Cleveland, the league’s other titan, also won three championships during the decade, but its postseason record during this period was a lackluster 4–5. In head-to-head competition between the two rivals, it was no contest. Detroit won all four regular-season matches and three of four title games with the Browns, accounting for a 7–1 record and an .875 winning percentage. Including preseason games, which in those days were played more competitively in order to please sponsors and help sell the sport to the public, Detroit compiled a 17-4-1 (.810) record against Paul Brown’s Browns. On home turf, the Lions were invincible. The Browns played 10 games at Briggs Stadium during the ’50s—six exhibitions, two regular-season games, and two title games—and lost every time. The 1957 championship game rout in Detroit was the worst defeat in franchise history and of Paul Brown’s career. God, we hated that town, one Cleveland player moaned.

Detroit’s regular-season record of 68-48-4 during the 1950s, a .586 winning percentage dragged down by a couple of terrible seasons at the very end of the decade, trailed Cleveland, the New York Giants, and the Chicago Bears in the composite standings. However, the Giants won just one title and the Bears none. Given Detroit’s sterling postseason record and how thoroughly it dominated the era’s other powerhouse, the case can easily be made that the Lions were the team of the fabulous ’50s, or at least for the bulk of it. We got sort of a superior feeling, Layne once said of this sweet spot in Lions history.

The very capable Tobin Rote quarterbacked the Lions to their last championship while filling in for the injured Layne. However, it’s the fast-living blond quarterback from Texas who remains the centerpiece of Lions lore during the Eisenhower decade.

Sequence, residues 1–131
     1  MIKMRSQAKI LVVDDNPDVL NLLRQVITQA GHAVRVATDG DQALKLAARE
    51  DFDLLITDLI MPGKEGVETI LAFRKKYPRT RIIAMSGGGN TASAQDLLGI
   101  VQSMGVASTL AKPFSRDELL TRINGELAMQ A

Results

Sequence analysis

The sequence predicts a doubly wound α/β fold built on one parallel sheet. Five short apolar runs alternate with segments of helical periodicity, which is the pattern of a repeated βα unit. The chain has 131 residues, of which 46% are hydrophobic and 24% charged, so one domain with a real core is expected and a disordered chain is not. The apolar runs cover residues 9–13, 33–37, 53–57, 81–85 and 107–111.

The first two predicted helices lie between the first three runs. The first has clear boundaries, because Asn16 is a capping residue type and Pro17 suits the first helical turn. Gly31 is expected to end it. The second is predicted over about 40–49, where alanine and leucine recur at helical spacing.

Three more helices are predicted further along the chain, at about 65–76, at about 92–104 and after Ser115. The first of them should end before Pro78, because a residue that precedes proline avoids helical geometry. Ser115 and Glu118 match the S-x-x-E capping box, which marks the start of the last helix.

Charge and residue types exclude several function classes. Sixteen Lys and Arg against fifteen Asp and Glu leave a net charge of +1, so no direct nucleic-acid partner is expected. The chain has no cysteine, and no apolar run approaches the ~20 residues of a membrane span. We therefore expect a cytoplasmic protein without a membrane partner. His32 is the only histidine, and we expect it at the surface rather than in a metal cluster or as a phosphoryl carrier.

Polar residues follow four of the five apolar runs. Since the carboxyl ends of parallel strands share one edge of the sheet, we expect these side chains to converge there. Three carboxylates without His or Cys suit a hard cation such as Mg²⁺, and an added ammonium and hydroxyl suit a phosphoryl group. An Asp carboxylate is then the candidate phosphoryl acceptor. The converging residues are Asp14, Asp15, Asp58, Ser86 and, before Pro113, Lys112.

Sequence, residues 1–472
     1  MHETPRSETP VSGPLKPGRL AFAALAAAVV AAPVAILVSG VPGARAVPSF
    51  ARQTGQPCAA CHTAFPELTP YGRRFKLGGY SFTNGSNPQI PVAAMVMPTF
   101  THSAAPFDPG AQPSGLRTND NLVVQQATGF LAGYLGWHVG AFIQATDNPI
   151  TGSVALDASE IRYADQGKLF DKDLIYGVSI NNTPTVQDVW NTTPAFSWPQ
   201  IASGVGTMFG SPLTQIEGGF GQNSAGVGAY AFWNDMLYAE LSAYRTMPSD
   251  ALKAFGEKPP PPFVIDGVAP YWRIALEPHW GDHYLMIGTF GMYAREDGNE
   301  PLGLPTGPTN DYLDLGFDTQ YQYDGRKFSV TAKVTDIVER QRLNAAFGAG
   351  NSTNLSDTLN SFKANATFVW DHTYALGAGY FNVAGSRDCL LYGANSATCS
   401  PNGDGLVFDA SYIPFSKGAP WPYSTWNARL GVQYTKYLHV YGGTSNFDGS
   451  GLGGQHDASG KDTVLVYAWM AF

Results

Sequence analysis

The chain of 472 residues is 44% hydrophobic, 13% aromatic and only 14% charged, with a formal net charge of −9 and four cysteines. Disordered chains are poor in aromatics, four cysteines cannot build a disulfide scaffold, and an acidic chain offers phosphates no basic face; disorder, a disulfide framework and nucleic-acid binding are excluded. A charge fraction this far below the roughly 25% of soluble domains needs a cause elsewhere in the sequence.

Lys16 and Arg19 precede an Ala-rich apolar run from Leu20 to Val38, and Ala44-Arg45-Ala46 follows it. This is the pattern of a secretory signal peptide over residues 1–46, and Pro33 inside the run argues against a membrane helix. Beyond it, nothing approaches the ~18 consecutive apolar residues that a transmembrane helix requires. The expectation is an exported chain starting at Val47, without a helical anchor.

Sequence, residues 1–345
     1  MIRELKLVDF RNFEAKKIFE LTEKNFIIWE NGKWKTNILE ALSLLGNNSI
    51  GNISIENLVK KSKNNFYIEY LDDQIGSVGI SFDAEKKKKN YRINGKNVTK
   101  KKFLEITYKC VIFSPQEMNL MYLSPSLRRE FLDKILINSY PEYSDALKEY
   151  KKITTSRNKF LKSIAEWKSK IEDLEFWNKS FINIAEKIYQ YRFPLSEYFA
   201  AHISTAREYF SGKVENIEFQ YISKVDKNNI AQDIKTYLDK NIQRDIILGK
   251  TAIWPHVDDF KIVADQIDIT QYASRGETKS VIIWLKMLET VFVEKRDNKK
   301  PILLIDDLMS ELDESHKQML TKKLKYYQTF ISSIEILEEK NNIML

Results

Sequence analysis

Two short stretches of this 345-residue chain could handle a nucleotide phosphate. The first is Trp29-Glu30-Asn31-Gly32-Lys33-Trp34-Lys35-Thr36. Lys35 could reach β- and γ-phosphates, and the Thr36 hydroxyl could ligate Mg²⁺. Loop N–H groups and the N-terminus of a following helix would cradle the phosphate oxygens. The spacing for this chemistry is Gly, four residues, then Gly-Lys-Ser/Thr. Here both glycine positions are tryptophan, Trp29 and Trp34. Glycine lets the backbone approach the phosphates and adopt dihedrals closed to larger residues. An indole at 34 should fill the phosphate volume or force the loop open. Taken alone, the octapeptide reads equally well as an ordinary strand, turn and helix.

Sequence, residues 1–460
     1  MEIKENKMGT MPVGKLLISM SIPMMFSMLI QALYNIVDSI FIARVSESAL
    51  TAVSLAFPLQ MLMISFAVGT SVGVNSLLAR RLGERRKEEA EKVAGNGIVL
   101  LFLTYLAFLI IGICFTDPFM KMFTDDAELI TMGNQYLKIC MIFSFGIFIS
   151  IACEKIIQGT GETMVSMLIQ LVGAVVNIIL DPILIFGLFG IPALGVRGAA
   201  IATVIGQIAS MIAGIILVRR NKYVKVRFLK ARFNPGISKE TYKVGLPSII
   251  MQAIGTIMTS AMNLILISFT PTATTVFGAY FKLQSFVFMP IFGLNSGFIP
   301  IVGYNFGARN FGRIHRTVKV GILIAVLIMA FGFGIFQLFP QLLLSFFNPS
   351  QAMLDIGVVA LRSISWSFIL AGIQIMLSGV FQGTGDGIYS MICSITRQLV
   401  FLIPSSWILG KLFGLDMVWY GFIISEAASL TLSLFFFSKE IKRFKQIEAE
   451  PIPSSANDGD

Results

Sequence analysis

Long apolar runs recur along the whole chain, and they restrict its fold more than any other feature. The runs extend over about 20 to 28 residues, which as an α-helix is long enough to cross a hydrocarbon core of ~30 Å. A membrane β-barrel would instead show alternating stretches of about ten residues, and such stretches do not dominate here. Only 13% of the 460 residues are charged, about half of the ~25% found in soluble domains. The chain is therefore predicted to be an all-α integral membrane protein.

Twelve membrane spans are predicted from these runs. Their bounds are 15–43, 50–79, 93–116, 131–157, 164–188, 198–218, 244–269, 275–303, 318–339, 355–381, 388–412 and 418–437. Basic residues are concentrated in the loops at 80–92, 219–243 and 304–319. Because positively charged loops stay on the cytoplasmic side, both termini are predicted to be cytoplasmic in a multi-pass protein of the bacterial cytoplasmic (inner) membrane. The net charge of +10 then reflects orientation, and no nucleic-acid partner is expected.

Schmidt once described what it was like hitting the nightspots with Sweet Bobby, Layne’s favorite nickname. It was like walking into a room with Babe Ruth—everybody knew him, table down front, drinks for everyone and big tips to the musicians. You’d have a good time but pay for it the next day.

Whether out on the field or out on the town, there never was any doubt about who was in charge. In our team meetings at the Stadium Bar across from the stadium, Bobby would say, ‘Look, guys, there’s one chief, and I’m the chief and y’all the Indians,’ said Hall-of-Fame safety Yale Lary. He was all the way the chief.

Disdaining a face mask and most pads, Layne oozed self-confidence, especially with time running out and the game on the line. We’d get the ball with two minutes to go in those days, recalled end Dorne Dibble, "and you could almost feel the other team starting to panic. Oh, here it comes now. And the defensive backs would start playing off of you, which gave us even more confidence. They were afraid. It was electricity, just like a bolt of lightning. He’d come in the huddle and say, ‘No holding, no offside, everybody block, you’ve got six points.’"